Giving Guidelines for Disasters Part II
Posted by Allison Fine on January 22, 2010
The response to my post the other day about the need of developing giving guidelines for natural disasters was very positive. And I’ve been following other developments online unfold throughout the week as well. Based on what I’ve been reading and discussing with folks, I’d like to expand on my original proposal for national guidelines for giving for natural disasters.
I’d like to begin with a point of clarification. The focus of my proposal is on the immediate affects of an event. In his excellent post on what donors can learn from past disasters, Michael Seltzer calls this period “immediate relief.” What I’m not focused on here is coordinating relief efforts or creating a central fund for nonprofit relief organizations. I’ll let others has those things out. I am simply focused on providing guidelines for giving donations to relief organizations in the first throes of a large natural disaster.
I wanted to mention an interesting experiment happening on the Great Nonprofits website. The idea is to crowdsource relief organizations that are doing a great job. It’s an interesting idea that needs some tweaking in order to be really effective. First, they need a bigger crowd in order to really do this well. Small crowds are good for somethings, like a technical review of a legal document, but bigger ones are needed to assess the performance of organizations working around the world in difficult circumstances. However, that’s not the real problem. The real issue is that I don’t think crowds should be assessing relief organizations. It’s simply too easy for organizations and their supporters to game a system. Instead we should have an independent, rigorous assessment after significant relief efforts to ascertain which organizations performed well. What we could crowdsource are the criteria for quality relief work.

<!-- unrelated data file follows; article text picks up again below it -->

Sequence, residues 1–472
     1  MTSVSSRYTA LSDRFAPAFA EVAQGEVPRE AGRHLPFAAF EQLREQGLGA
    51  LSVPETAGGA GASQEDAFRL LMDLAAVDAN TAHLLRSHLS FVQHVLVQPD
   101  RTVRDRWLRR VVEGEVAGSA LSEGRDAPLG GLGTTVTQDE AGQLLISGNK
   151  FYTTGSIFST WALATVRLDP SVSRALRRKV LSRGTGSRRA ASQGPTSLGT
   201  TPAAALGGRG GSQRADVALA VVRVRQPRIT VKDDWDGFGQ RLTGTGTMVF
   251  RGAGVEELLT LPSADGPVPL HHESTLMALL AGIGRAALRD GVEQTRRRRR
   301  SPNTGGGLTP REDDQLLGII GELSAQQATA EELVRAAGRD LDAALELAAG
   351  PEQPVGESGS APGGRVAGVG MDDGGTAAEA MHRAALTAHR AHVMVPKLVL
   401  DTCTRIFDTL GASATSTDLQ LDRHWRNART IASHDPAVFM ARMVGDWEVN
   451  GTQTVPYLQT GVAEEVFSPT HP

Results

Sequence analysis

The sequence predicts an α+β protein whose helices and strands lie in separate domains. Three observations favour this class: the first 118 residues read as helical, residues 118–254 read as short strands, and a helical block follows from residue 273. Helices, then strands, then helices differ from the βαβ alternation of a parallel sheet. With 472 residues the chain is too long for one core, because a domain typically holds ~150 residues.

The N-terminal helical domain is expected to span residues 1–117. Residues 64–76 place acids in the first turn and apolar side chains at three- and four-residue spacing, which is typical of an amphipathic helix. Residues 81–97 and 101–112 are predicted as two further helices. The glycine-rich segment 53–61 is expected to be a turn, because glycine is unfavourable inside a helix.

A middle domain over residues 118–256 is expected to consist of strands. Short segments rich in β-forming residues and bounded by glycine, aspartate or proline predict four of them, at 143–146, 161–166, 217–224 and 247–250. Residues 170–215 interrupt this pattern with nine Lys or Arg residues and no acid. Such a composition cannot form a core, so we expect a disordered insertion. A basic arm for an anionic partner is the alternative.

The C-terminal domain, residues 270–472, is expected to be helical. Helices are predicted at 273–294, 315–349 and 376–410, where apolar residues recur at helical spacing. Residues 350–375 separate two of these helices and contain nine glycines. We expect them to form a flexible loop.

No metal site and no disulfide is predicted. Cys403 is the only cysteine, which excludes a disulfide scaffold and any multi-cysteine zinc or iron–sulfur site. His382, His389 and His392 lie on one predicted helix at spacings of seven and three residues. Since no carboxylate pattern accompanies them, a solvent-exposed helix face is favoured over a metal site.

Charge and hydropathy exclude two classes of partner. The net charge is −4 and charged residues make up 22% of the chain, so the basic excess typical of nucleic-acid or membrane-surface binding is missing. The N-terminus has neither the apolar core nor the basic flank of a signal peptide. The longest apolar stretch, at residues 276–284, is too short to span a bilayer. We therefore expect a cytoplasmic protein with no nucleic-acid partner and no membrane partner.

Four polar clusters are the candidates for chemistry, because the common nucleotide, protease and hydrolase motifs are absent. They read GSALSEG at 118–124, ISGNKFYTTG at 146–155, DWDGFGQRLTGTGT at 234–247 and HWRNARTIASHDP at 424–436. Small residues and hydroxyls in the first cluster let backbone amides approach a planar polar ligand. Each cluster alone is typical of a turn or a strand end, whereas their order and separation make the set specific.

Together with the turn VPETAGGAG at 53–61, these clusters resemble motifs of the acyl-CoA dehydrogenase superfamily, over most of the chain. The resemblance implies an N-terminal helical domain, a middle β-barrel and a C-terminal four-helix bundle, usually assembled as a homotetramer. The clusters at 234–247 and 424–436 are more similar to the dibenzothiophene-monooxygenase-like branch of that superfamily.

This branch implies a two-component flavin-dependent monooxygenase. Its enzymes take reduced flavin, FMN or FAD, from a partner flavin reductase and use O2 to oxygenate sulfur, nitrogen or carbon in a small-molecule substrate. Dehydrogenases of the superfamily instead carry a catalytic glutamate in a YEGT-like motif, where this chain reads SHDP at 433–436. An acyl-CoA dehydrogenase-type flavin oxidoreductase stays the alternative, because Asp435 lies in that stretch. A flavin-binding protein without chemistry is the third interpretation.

I was asked who would host the guidelines? Well, it’s a social media world, we don’t need one host, guidelines can live everywhere online and when an event happens organizations, bloggers, tweeters can share them and encourage people to abide by them. At this point, perhaps a group like The Clinton Global Initiative (not to be confused with the Clinton/Bush Haiti Fund which is collecting huge sums of money to be given, sometime in the future to unspecified organizations.) Or maybe it’s something a Philanthropy Ambassador’s office as outlined here in this interesting post by Sean Stanndard-Stockton could spearhead.
So, let’s get started!
Step 1: Based on past events and experiences, develop criteria for what is needed for immediate relief.
Step 2: Identify a core group of organizations that meet these criteria. The groups could be organized by geography as Tony Pipa suggested.
Step 3: Draft the guidelines including which organizations in which parts of the world. Just as importantly these guidelines would outline WHAT NOT TO GIVE TO within, say, the first thirty days. Meaning don’t try to send food or clothing but rather give money to these organizations.
Step 4 Disseminate the guideliens to organizations, media, bloggers and tweeters.
Is it just me, or does this seem pretty simple?
This entry was posted on January 22, 2010 at 9:01 am and is filed under Social Media. Tagged: Clinton Global Initiative, Michael Seltzer, PND, Sean Stannard-Stockton, Tony Pipa. You can follow any responses to this entry through the RSS 2.0 feed. Both comments and pings are currently closed.
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